Archive for August, 2015

Fantastic Four 2015When transported to an alternate universe, four young outsiders gain superhuman powers which test their relationships.

Director Josh Trank’s Fantastic Four is dark, oppressive and grim so grim some of the one liners feel out of place. The aesthetics aren’t what you’d expect, with major changes and the actors are possibly too young, but previous outings also had this issue. However, the characters are easily identifiable and encompass the essences of Jack Kirby and Stan Lee’s creations.

Although Lee serves as executive producer In terms of look and feel it shares very little with the comics or previous incarnations of the Fantastic Four. Without drawing comparisons to the 1994 Roger Corman (bootleg) version or the recent underrated 2005 and 2007 outings this version is surprisingly drawing.

Taking its time Trank’s offering spends the whole of its running time as an origin story about friendship, war policies and morales with only the last ten minutes to deal with their adversary, Doom. Due to the unorthodox story structure it comes to an abrupt end. Also oddly Fantastic’s tone feels more DC than Marvel.

Kate Mara is notable as The Invisible Woman. Jamie Bell’s performance as The Thing in the latter half is by design hidden by the effects. Toby Kebbell is excellent but his screen time is limited with the rest of the cast being effective in their respective roles.The music by Marco Beltrami Philip Glass score is exceedingly ominous and compliment the great effects, sterile sets, costume design and performances as they harness their powers.

Arguably all the recent superhero adaptations attempts while entertaining never seem to capture their subject matter spirit faithfully coming across as bloated, soulless money makers which try to cash in by appeasing adult fans at the expense of younger children which doesn’t always mix and this is no exception.

That said, if a slow burning, brooding re-imagining is your thing then this delivers exactly that and to its credit debatably more edgier than its paint by numbers same universe contemporaries despite an anticlimactic rushed showdown.

From Dusk Till Dawn season 2Three months after freeing Santanico from the Titty Twister, the Gecko Brothers are separately on the run; Seth and Kate are in Mexico; Richie and Santanico plot vengeance on the Culebra.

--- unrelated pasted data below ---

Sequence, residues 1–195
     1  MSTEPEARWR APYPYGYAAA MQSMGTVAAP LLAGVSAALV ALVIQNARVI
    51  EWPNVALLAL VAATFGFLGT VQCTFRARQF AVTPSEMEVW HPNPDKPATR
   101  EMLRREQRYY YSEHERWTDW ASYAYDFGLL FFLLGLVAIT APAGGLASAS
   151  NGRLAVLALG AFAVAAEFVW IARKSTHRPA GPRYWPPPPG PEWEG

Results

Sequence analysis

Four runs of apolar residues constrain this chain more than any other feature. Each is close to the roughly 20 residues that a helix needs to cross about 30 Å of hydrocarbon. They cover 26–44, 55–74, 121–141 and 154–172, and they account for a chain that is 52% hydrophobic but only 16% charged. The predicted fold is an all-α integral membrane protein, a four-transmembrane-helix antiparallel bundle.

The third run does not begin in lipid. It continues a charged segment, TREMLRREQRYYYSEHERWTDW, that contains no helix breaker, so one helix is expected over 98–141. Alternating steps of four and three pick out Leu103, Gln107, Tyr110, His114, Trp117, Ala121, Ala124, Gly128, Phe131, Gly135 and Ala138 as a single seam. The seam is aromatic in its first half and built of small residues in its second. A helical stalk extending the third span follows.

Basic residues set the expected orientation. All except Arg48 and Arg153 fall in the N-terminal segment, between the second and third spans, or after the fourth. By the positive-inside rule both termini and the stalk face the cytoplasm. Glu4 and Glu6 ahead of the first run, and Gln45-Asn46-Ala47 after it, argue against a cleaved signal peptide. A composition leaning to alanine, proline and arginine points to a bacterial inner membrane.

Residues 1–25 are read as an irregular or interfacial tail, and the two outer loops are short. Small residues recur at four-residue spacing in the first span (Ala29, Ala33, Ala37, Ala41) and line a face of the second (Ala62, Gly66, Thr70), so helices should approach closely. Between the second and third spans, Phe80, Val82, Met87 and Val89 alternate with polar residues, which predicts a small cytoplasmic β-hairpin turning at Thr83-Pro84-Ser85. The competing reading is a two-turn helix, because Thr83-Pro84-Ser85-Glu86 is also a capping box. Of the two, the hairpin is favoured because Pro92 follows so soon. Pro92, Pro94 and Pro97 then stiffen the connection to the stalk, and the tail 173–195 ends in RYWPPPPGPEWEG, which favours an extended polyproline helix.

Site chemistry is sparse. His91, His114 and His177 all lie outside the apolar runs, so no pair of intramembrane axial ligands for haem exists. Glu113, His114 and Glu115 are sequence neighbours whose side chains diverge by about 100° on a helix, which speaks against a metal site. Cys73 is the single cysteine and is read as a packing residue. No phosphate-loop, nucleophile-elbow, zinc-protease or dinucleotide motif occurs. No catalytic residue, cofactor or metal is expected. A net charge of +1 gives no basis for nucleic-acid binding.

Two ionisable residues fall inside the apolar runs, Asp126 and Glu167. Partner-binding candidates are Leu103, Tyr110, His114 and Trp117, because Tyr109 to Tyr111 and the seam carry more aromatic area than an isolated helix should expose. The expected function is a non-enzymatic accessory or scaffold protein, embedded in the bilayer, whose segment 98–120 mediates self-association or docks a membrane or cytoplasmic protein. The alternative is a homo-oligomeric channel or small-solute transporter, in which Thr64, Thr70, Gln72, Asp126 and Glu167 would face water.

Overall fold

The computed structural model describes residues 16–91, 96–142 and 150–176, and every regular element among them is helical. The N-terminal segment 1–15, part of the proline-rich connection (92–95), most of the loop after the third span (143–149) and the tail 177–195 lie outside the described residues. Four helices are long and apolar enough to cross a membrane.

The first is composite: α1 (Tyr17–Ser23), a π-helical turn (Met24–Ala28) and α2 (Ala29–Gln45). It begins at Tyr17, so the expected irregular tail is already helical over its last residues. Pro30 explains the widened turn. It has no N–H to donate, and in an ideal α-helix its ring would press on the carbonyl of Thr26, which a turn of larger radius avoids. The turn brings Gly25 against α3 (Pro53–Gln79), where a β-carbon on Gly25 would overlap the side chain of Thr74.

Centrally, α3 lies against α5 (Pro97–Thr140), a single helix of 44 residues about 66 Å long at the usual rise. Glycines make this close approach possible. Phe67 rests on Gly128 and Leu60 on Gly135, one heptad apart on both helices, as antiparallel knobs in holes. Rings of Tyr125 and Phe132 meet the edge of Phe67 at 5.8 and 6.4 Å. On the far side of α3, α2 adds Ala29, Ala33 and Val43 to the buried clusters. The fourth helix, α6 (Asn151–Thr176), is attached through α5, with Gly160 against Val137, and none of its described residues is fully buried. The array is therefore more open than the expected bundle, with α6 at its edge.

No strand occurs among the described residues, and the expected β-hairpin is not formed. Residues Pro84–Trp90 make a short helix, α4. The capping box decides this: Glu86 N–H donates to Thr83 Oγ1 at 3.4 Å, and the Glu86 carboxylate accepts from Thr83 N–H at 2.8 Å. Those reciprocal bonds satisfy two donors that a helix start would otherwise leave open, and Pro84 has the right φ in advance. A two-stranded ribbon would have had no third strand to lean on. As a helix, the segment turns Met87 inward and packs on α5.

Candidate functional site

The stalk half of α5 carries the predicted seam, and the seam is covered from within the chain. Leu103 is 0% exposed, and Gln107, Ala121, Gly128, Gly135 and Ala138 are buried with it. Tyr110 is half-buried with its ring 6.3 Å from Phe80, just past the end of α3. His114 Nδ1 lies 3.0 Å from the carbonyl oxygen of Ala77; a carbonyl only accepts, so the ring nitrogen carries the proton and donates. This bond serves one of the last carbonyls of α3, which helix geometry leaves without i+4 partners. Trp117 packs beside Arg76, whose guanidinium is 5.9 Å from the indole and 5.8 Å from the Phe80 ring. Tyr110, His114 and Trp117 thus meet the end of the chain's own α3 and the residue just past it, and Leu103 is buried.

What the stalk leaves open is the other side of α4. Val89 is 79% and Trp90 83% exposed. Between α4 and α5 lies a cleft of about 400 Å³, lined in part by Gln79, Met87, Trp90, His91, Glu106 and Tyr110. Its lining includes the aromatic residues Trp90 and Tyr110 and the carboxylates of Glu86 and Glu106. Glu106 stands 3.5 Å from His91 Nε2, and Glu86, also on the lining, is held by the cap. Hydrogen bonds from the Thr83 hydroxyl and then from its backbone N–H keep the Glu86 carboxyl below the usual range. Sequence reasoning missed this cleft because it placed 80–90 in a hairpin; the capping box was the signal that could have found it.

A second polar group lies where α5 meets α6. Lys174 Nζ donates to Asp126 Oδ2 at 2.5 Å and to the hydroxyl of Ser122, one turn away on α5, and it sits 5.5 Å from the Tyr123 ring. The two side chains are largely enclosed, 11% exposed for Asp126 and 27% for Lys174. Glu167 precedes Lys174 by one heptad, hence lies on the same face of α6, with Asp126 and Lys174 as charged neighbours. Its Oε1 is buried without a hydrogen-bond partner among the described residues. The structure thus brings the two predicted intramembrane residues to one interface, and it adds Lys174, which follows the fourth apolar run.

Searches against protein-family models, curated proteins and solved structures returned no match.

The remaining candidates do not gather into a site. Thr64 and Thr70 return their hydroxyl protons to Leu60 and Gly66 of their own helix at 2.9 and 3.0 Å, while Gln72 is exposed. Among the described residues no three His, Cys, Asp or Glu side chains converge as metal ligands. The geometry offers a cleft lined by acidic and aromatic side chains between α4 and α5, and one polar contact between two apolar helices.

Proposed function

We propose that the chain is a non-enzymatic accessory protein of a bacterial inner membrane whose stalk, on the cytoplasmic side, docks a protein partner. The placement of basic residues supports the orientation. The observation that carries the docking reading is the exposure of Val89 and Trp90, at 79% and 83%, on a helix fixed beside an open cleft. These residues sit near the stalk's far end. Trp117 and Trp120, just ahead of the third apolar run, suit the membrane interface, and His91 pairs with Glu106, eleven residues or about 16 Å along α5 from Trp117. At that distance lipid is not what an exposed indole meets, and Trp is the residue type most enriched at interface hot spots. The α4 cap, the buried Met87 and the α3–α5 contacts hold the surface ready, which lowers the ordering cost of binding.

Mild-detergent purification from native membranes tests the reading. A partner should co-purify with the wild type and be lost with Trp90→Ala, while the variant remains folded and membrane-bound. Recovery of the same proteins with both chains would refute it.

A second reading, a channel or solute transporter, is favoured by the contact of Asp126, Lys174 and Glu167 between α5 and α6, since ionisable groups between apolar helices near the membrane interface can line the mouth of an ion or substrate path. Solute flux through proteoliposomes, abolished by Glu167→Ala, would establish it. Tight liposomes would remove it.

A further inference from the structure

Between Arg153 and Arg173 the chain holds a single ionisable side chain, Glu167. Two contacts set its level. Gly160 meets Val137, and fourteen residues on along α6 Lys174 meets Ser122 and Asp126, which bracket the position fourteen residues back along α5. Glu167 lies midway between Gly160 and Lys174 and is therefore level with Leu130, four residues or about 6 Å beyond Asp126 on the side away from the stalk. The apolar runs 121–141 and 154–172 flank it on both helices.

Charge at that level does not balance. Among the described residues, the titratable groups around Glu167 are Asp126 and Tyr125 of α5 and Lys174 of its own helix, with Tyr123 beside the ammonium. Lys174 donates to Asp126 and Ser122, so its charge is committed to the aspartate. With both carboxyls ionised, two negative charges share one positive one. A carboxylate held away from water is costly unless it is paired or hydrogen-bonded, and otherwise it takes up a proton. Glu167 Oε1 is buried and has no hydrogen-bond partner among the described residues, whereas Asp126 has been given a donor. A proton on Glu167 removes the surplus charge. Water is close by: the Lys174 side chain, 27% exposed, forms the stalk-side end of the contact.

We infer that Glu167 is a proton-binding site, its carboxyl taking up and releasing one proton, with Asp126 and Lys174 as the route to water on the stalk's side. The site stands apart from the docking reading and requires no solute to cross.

Opening Night, the first episode of the second season, continues with the spirit of the first season and encapsulates some of the DNA of the film. While some of the CGI effects fall short Greg Nicotero’s (Day of the Dead, The Walking Dead) practical makeup effects still are outstanding. Directed by Robert Rodriguez this series is no longer chained to the narrative of the film like the first season adaption, episode 1 is in fresh uncharted territory.

The main characters Seth (D.J. Cotrona) and Kate (Madison Davenport) hiding in Mexico and Richie (Zane Holtz) and Santanico (Eiza González) planning an assault on the Nine Lords starting with a robbery told with a flash forward and flashback. Rodriguez’s direction is as sharp as ever and the atmosphere is dark and rich with reds. Freddie’s (Jesse Garcia) turns up in latter half and Wilmer Valderrama’s Carlos appears briefly. There is also an expanded Santánico Pandemonium back-story with flashbacks that now include a new character Malvado who sports a long-coat made of human faces played by Esai Morales.

Actor Danny Trejo from the film returns as a new character, Razor Charlie, with an introduction reminiscent of Creepshow 2’s Old Chief Wooden head story, his appearance topping this episode off for fans.

Fear-the-Walking-Dead-posterA divorced male teacher, with his new partner a female guidance counsellor and her children find themselves in the opening stages of a zombie apocalypse.

AMC’s original series Fear the Walking Dead takes us back prior to the outbreak that began with award winning Walking Dead. After an excellently executed bloody and gnarly opening in a crack house church where a drug addict (the son of Madison Clark) escapes a zombie attack. It then moves to everyday life slowly unravelling reminiscent of the 2004 Dawn of the Dead remake and Diary of the Dead’s news footage of the reanimating dead.